That’s good news for one of Avalon’s clients, a teenager with hair so thin she looked seriously ill, says Conte. “After she purchased the extensions, her whole outlook changed. She wore them every day to school, and no one could tell they weren’t part of her. Her mom even came in to purchase her a second set.”
Permanent extensions take longer to apply and cost more, but they can last for several months. Owner Michael Baker of Michael Warren Studio in Elkhart, Indiana, uses SoCapUSA extensions and bonds them to hair with a cold fusion method that renders flat, undetectable bonds and leaves hair “with integrity,” says Baker.
“I can do chemically-treated hair, chemotherapy patients, any type of sensitive client.” It takes two and a half hours to apply a full set, at a cost of $1,500 to $2,000 for the client, but according to Baker, the extensions will last from four to six months, or even longer. That makes it a good value to the client, and because the human-hair extensions cost the salon only $315, it’s a real moneymaker for the salon as well.
Baker’s clientele are mostly women in their 40s and 50s, so their primary concern is volume, not length. To get them used to the look and feel of extensions, he will apply a few bonds during their regular appointment, and “they come back within a week wanting more,” he says. “It quickly becomes an addiction.” But women aren’t the only ones who love them: Baker even wears them himself.
Every owner has to do a little research to pick the type of extensions best suited to his or her clientele. Younger clients may want clip-ins they can attach themselves, while fashionistas could be willing to sit for eight hours to get full-on, long-lasting glamor. The critical factor, no matter what line you choose, is the manufacturer-provided education.
At B2V, Vo’s stylists went to a Great Lengths class to learn the technique, practiced on
models, and then came up with their own tricks for faster, easier application. Some rules, says Vo: “If hair is fine, extensions should also be fine, so you don’t weigh down the hair. Avoid areas like the bangs or the parting, where extensions will show. You should attach at least 1/2 an inch from these areas.” After applying any extensions, always customize to the client with color or cut.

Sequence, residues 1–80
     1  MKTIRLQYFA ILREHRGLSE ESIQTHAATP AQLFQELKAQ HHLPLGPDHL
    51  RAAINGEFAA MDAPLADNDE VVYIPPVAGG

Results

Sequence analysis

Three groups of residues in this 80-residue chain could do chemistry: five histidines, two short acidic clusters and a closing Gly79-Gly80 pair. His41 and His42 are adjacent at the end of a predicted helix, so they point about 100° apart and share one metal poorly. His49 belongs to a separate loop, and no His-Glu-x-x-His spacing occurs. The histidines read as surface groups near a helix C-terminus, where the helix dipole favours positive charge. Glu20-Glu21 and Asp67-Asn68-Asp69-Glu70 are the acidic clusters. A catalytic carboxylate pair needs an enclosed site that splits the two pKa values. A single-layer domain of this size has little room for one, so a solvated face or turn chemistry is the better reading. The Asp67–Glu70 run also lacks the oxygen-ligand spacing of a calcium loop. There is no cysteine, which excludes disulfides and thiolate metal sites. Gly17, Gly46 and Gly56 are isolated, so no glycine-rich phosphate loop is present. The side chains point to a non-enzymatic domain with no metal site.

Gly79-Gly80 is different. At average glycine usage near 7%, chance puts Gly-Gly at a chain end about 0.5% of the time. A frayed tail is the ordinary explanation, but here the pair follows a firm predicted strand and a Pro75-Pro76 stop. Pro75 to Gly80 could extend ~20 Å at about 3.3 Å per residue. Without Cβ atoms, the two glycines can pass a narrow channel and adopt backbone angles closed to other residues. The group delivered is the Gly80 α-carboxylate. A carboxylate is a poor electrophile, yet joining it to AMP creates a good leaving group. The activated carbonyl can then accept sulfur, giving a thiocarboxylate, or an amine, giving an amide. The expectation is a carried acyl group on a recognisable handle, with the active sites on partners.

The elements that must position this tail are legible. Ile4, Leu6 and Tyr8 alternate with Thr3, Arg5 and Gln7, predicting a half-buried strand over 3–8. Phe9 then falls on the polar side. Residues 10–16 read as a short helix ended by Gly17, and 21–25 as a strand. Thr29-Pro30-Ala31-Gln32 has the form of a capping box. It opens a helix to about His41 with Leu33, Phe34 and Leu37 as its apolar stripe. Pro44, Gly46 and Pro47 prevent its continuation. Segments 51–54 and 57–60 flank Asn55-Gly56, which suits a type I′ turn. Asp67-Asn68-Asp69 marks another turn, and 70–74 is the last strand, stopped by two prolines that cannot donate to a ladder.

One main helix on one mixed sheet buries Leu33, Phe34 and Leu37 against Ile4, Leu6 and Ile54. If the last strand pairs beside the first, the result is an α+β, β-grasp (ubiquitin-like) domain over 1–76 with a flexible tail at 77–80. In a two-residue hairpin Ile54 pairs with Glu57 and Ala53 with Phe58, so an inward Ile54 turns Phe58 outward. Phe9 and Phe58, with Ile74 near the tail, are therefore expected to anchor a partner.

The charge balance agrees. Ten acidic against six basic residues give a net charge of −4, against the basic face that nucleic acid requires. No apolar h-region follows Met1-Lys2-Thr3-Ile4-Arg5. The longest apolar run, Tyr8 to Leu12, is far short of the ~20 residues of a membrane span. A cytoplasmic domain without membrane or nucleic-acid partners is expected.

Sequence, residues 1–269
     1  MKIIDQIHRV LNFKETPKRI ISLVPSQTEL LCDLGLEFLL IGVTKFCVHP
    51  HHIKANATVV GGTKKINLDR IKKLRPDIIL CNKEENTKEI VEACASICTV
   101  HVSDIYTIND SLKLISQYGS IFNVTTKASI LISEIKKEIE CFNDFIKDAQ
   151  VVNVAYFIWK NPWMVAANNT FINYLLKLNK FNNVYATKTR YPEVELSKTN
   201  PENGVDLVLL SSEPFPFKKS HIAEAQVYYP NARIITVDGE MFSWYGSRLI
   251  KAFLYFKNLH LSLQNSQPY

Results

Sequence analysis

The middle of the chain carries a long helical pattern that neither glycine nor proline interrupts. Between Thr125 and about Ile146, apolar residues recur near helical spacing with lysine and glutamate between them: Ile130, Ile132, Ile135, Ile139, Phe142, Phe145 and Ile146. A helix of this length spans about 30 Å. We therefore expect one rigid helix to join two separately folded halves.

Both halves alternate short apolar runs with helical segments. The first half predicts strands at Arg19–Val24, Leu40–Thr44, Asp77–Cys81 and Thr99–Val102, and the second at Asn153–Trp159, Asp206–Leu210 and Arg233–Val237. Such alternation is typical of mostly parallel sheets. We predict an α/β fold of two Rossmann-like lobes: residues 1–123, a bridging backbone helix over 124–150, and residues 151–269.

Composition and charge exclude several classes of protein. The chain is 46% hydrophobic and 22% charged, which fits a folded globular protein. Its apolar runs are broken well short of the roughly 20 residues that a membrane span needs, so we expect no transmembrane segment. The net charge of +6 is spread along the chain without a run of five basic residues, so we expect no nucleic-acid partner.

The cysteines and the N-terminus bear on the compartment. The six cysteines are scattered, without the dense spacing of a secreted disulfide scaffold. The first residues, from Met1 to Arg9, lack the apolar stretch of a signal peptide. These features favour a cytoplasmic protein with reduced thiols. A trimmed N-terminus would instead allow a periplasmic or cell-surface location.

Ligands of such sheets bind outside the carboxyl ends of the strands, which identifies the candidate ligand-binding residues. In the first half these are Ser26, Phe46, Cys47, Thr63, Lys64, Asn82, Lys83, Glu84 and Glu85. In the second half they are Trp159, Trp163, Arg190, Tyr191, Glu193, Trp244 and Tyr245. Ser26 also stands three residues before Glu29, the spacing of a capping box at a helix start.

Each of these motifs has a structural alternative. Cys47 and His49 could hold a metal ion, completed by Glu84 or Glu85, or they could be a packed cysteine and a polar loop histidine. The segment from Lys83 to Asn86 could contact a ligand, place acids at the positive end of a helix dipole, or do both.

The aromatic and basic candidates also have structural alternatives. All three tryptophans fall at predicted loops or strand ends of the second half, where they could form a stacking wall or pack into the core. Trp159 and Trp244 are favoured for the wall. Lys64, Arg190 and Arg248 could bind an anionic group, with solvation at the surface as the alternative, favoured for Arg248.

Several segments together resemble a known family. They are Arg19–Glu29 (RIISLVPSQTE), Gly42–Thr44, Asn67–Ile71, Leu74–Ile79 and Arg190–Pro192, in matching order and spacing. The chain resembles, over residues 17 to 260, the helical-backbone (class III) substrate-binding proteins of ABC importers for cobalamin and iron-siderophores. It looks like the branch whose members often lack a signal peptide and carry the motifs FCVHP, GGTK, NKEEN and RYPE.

With clip-in lines like Hair U Wear’s Raquel Welch line or Jessica Simpson’s HairDo, less training is required, but staff can still practice styles on each other and wear them around clients for promotional purposes, as they did at Avalon Salon. During appointments, the stylist can also educate the client on how to attach the clips herself.
And as with any salon service, home maintenance is key. Avalon stylists recommend color preserve products if extensions are done in conjunction with a color service. Ruben Fisher, owner of Tonic Salon in Las Vegas, does big business with Great Lengths extensions—and then sends clients home with leave-in detanglers and gentle conditioners for quality care. If a client needs to take out extensions for any reason, he says rubbing alcohol will release the gentle protein bond. Top-quality brands are made of real human hair and won’t damage the client’s own hair, so you can feel safe applying extensions to virtually any client.
Long hair looks come and go, and even with extensions being as hot as they are, the bob today appears to be making a comeback. But extensions are flexible and adaptable to any style. If a shorter-haired client feels stuck in a rut, “she can get three years growth in a matter of hours,” observes Fisher. Comments Vo, “I see extensions as necessary for adding volume. As far as length, we’ll start seeing shorter cuts with extensions.” He predicts, “Extensions will just keep peaking.”
That may be true because, as many experts point out, the U.S. lags behind other countries in terms of extension popularity and style. Explains Baker, “We’re at least five to six years behind Europe,” and in Japan, “they do more extensions than the rest of the world put together,” asserts Paul, because plentiful hair is a status symbol and women are willing to spend more to keep up with the latest fashions. Technological advances will make extensions even more prevalent in this country in a few years, although, by then, says Paul, manufacturers may not be able to get their hands on enough human hair to meet demand. Currently, Japanese developers are working on “cyber hair,” or synthetic hair that looks and feels like real hair, but is lighter, more durable and fade-resistant.
Even better than human hair? The future of extensions looks beautiful indeed.